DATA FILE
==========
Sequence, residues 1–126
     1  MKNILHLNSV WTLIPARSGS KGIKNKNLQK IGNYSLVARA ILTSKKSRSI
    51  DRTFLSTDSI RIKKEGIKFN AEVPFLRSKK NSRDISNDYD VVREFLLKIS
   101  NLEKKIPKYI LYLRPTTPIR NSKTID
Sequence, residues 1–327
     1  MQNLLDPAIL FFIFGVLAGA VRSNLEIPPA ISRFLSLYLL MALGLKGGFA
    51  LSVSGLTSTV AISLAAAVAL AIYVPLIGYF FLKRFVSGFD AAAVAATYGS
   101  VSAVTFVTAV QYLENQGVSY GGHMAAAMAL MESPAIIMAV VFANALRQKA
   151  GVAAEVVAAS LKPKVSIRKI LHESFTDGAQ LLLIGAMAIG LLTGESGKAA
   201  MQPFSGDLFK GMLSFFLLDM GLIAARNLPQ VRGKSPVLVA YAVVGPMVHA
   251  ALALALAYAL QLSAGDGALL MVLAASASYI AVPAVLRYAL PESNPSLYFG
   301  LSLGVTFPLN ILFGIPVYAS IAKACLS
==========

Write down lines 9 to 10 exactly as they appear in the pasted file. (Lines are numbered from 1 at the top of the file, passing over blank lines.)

   151  GVAAEVVAAS LKPKVSIRKI LHESFTDGAQ LLLIGAMAIG LLTGESGKAA
   201  MQPFSGDLFK GMLSFFLLDM GLIAARNLPQ VRGKSPVLVA YAVVGPMVHA